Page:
Hearing first-hand from a NASA astronaut what life is like in space to ‘the science of coffee and dessert’ and a ‘science idol’ competition, the eighth New Zealand International Science Festival, has captured the hearts and minds of attendees with the festival theme of ‘what makes us tick?’. The festival began on Saturday 30 June and culminated with a day of hands-on events with kids making paper origami hearts containing a ‘thank you science’ message in Wall Street Mall, Dunedin on Sunday 8 July, 2012.
Numerous workshops for all ages were held during the nine days of the festival including popular interactive activities with NASA Astronaut Stephanie D. Wilson and street science stunts by visiting Australian science communicator Chris Krishna-Pillay, supported by the Australian High Commission.
Chris Green, Festival Director said the 2012 festival had been a huge success with an anticipated number of over 11,000 attendees, exceeding expectations and building on previous years.
“This year festival events have delivered something for everyone – from the ‘science idol’ competition which was New Zealand wide for the first time, to evening talks for students, families and adults, to hands-on events for kids and young professionals.
We wanted to reach people who wouldn’t normally go to a ‘science’ event, so we took science to the community, with street science stunts, sci.demos in Wall Street Mall, kids’ workshops in libraries and other locations around the city and we’ve had heaps of fun doing it,” said Chris.
Highlights of the festival also included an evening of science and innovation with Sir Ray Avery GNZM, a ‘women in science’ breakfast sponsored by the British High Commission; a return to the festival by popular clinical psychologist Nigel Latta; the Fortune Theatre production of In the Next Room or the vibrator play; and popular workshops for kids including a hands on anatomy, discovering the use of colour in our lives, cuddly bacteria and the well attended ‘Let’s Tock’ University of Otago Science Expo.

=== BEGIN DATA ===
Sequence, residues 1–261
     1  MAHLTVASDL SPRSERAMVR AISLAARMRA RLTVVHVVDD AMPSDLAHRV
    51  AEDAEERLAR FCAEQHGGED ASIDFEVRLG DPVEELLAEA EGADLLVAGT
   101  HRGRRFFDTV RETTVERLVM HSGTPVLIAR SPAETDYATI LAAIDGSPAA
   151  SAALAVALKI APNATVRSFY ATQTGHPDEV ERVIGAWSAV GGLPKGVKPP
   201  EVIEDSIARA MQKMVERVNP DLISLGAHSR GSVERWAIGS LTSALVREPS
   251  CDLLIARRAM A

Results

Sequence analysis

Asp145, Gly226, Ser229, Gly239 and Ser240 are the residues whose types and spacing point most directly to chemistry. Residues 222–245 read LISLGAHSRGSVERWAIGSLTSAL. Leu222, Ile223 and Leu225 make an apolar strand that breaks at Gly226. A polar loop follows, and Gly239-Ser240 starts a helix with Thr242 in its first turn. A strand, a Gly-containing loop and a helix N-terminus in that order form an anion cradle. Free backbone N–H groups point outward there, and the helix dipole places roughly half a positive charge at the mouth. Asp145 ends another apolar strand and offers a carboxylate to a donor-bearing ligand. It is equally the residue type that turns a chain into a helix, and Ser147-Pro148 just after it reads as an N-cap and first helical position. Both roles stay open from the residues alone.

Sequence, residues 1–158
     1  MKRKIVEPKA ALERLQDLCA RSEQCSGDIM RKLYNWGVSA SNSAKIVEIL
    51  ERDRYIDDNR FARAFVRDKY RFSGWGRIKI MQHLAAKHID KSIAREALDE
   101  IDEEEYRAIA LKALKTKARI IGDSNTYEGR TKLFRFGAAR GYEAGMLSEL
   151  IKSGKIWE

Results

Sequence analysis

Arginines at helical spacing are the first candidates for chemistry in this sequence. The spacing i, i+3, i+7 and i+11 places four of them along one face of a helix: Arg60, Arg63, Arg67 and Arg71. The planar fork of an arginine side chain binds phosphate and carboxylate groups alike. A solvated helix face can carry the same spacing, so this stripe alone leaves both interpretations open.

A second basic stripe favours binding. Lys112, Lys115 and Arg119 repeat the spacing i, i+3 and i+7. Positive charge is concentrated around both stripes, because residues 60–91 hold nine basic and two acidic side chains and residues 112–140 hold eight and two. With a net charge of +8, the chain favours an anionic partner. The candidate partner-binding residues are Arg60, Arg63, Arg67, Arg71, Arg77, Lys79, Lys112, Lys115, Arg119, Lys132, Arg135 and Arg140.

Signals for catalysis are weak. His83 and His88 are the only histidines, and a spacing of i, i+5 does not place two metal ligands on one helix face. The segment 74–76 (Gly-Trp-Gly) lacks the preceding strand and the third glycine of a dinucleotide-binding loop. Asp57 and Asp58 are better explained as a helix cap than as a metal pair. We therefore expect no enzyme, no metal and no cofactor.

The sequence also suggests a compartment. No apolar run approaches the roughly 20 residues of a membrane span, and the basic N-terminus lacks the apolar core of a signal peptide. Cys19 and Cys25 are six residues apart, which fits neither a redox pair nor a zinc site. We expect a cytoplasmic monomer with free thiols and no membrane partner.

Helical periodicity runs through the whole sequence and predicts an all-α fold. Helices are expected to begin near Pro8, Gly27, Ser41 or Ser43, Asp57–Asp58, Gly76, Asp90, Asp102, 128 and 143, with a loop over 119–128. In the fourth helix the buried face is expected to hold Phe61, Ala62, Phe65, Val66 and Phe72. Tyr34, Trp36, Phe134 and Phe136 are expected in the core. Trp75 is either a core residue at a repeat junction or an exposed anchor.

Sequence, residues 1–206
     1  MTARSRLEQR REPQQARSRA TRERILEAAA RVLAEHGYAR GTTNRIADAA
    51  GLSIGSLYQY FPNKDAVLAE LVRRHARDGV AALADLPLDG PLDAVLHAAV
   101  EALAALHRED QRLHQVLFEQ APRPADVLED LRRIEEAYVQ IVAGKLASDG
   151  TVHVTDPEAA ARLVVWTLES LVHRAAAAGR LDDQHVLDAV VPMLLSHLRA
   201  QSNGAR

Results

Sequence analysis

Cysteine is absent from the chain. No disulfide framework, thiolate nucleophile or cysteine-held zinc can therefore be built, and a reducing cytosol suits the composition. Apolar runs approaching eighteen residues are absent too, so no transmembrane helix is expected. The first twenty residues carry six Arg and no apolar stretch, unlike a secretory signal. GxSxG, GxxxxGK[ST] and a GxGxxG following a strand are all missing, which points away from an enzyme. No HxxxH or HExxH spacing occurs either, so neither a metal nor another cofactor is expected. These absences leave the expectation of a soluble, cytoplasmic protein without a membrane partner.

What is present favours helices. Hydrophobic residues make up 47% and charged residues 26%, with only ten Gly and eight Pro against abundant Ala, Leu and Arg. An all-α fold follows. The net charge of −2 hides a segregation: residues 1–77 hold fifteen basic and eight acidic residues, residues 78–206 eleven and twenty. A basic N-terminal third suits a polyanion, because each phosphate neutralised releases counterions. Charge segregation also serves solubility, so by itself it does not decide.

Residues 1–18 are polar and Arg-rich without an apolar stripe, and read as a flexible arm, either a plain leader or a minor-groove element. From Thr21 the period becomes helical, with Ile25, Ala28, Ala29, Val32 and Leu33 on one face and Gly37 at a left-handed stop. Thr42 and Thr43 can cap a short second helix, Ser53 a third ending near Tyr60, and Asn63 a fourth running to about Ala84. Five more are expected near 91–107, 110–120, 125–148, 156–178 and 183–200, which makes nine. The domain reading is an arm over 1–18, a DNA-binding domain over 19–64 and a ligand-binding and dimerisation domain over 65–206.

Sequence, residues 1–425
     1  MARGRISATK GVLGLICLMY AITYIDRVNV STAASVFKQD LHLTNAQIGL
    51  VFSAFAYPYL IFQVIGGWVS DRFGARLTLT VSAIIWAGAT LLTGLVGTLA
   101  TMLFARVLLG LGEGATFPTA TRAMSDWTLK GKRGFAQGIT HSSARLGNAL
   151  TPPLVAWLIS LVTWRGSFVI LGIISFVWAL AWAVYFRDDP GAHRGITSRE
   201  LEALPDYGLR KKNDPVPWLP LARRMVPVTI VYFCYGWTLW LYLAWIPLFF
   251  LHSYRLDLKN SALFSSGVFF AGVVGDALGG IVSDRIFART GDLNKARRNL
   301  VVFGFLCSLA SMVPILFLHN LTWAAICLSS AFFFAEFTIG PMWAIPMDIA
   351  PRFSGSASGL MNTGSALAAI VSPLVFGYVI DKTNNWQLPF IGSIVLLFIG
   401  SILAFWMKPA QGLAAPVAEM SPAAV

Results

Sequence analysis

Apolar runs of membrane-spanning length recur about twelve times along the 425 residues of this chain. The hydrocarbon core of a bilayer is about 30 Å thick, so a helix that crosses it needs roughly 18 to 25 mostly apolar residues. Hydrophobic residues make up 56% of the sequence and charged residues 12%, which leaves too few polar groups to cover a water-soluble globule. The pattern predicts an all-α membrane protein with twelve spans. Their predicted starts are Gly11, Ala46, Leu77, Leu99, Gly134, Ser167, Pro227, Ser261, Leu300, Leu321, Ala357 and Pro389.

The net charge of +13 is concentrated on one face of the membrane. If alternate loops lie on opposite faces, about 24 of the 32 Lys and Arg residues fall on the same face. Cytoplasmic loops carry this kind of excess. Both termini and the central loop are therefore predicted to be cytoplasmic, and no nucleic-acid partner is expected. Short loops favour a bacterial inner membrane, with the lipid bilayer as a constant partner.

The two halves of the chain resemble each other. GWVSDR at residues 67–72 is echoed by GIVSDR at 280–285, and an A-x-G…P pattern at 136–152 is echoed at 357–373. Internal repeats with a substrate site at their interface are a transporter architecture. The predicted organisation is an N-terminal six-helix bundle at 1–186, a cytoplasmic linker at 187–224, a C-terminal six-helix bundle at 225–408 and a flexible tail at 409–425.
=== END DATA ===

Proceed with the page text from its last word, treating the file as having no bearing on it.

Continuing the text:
The festival featured over 100 events helping cement Dunedin as a city of learning and discovery. Visiting international and national guests, leading experts and students from the University of Otago and many other partner organisations led Cafe Scientifique discussions, presentations and interactive workshops across the city.
“Hours of hard work, support from the festival team, external event organisers, our amazing volunteers, key funding partners and local and national sponsors had been a testament to the success of the festival,” Festival President Mike Harte said.
US science rapper, Fulbright graduate fellow and University of Otago Masters student Tom McFadden, aka The Rhymebosome toured schools in New Zealand prior to the festival. The tour was supported by the US Embassy to promote the ‘science idol’ competition with 16 year old Dunedin student James Mustapic scooping the grand prize with his Justin Bieber scientific musical parody ‘Covalent Love’. This clip has now been recorded in the University of Otago’s Albany Street music studio and a final video clip is yet to be released, as part of the grand prize.